Employees Who Are Not Disabled: Reasonably Accommodating “Regarded As” Disabilities
Does an employer have to accommodate an employee disability that does not exist? Apparently so in a number of states, including Florida, Alabama and Georgia. In D’Angelo v. ConAgra Foods, Inc., the United States Court of Appeals for the Eleventh Circuit held in a lengthy opinion that the Americans with Disabilities Act (ADA) requires employers to provide reasonable accommodation to workers who are not actually disabled but only “regarded as” disabled by their employers. The 11th Circuit thus joins other federal appellate courts in concluding that such reasonable accommodations are required by law. Since D’Angelo imposes additional ADA obligations on employers, it is important to understand its holding and implications.
Cris D’Angelo was diagnosed with vertigo before she began working at a ConAgra seafood plant in Tampa, Florida. She worked in various factory jobs for almost three years without incident or injury and, during that period, received two promotions. Shortly before her discharge, D’Angelo complained to a non-supervisor line leader that looking at a moving conveyor belt (a task that she had not previously performed) made her light-headed, “off balance” and nauseous. The leader gave her a different job assignment. However, the supervisor subsequently returned D’Angelo to the conveyor belt and demanded medical documentation of her condition. D’Angelo’s doctor’s note said that she “has a vertigo condition. This affects her when her eyes have to look at moving objects such as belts. She should avoid the situation since it could cause her to fall and sustain injury.” ConAgra considered the doctor’s opinion and then concluded that, in light of the numerous moving conveyors and mechanical equipment in the factory, D’Angelo posed a safety hazard to herself and others. She was discharged.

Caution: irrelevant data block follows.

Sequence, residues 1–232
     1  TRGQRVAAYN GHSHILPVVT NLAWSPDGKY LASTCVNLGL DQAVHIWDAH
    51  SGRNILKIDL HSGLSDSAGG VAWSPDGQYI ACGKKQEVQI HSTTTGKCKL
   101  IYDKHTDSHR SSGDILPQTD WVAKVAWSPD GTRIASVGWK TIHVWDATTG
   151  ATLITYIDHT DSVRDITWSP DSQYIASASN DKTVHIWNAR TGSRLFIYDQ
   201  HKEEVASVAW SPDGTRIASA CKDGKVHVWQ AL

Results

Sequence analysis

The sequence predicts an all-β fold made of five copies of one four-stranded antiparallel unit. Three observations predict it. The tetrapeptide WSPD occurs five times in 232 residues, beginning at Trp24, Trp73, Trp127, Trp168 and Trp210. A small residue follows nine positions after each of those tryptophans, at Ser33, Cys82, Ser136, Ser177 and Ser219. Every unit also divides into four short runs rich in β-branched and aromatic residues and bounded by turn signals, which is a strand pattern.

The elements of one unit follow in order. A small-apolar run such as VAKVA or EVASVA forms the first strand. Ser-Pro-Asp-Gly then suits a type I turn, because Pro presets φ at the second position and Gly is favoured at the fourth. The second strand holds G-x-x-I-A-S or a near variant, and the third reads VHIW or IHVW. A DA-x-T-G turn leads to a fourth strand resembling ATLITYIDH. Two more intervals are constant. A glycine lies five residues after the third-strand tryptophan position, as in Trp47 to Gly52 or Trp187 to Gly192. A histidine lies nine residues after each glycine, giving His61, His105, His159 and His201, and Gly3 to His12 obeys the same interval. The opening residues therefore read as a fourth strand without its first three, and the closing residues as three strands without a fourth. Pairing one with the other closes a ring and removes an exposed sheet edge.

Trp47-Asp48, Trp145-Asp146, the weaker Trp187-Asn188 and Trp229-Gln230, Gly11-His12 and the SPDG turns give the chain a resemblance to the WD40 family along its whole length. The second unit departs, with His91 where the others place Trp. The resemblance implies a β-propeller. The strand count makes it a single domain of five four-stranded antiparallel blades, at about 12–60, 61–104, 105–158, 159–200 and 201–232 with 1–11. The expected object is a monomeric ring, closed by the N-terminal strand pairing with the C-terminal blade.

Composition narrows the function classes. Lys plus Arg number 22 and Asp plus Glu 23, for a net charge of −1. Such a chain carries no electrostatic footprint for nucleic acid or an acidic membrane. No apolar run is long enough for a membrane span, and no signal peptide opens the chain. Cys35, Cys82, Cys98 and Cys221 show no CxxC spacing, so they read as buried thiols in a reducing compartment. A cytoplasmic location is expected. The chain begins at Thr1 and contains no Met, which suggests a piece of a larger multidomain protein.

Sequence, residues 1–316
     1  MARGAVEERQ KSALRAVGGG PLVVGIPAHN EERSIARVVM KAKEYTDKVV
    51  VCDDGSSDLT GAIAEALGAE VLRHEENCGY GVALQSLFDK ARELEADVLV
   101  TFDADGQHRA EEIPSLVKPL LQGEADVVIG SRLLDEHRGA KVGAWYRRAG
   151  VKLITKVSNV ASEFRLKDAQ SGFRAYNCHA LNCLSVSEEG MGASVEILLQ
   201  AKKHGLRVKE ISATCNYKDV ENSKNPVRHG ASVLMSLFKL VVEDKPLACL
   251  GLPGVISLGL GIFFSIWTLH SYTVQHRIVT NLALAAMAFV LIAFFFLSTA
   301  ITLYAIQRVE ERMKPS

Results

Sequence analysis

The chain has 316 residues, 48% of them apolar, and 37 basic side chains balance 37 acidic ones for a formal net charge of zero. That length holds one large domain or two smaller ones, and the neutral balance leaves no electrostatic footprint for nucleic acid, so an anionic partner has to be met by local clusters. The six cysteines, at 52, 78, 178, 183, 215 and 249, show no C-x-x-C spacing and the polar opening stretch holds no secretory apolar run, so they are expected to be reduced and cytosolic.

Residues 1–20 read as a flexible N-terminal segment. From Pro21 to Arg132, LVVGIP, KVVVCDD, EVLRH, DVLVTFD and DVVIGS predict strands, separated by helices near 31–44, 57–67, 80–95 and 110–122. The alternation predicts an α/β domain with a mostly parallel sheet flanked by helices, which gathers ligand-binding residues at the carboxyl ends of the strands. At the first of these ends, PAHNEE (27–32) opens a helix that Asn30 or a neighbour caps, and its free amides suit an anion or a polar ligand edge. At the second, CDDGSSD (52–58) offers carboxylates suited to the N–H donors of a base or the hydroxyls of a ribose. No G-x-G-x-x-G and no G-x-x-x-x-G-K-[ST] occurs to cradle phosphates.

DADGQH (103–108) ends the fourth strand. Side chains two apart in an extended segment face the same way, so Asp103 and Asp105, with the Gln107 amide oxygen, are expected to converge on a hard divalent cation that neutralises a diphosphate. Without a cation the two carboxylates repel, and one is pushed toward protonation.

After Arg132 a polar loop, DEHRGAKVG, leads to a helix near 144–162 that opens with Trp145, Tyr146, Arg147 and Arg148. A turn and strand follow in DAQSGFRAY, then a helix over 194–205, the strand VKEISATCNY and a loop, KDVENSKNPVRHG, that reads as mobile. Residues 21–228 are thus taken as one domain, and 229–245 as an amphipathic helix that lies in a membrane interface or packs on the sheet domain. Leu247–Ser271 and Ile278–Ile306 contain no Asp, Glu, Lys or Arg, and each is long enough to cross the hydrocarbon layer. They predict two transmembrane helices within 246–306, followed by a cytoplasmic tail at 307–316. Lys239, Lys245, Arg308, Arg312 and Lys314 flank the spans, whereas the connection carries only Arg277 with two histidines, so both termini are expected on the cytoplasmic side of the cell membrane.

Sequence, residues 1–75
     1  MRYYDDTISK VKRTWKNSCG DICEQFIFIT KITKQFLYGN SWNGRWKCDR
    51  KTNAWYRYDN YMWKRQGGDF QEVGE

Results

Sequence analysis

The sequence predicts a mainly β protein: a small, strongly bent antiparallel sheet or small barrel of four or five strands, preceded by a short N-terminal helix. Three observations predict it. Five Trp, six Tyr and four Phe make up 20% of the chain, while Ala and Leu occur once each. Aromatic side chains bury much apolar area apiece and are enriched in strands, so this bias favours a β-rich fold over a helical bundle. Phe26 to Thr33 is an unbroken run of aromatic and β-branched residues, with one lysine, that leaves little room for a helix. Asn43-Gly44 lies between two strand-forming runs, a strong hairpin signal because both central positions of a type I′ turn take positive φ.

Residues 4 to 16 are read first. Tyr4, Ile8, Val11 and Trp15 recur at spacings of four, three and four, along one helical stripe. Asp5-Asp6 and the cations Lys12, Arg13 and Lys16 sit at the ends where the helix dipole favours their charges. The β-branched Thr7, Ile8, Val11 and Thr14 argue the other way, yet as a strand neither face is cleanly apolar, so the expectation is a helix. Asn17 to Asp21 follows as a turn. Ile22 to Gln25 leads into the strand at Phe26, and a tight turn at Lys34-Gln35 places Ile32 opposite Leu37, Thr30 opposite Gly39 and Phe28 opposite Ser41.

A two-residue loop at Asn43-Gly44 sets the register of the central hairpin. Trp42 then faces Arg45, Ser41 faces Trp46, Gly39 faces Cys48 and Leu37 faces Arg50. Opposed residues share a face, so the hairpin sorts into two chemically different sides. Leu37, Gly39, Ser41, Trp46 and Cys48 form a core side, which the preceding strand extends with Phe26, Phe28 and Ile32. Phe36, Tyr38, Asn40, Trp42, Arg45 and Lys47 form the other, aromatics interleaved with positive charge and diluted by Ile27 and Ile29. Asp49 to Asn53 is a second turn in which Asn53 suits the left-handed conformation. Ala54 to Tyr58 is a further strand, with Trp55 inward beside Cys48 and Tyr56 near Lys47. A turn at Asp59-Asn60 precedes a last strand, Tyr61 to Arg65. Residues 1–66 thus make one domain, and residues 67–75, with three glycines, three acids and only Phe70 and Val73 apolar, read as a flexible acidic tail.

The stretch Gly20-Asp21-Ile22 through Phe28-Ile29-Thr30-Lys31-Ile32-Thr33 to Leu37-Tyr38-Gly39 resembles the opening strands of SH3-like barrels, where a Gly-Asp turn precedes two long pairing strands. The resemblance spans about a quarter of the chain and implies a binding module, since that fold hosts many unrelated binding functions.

D’Angelo filed a charge of disability discrimination and, subsequently, a federal court lawsuit alleging ConAgra violated the ADA in discharging her rather than reasonably accommodating her vertigo by exempting her from work on the conveyor belt. D’Angelo contended that she not only was actually disabled, but also “regarded as” disabled by ConAgra because of its erroneous beliefs about her condition, In other words, ConAgra had treated her as disabled even though she was not disabled within the meaning of the ADA. ConAgra moved for summary judgment. The district court granted the motion, finding that D’Angelo was not actually disabled and that the ADA does not require employers to reasonably accommodate workers who merely are “regarded as” but not actually disabled.
D’Angelo appealed the district court’s ruling. In a decision announced on August 30, 2005, a three-judge panel of the 11th Circuit, in a 2-1 decision, affirmed the district court’s finding that D’Angelo was not actually disabled (because there was no evidence that her vertigo substantially limited one or more of her major life activities or restricted her ability to perform a broad range of jobs). However, the appeals court majority held that the remaining issues would have to be sent back to the lower court for a jury trial because there were disputed issues of fact whether D’Angelo was “regarded as” disabled by ConAgra and whether she was a “qualified individual with a disability” within the meaning of the ADA.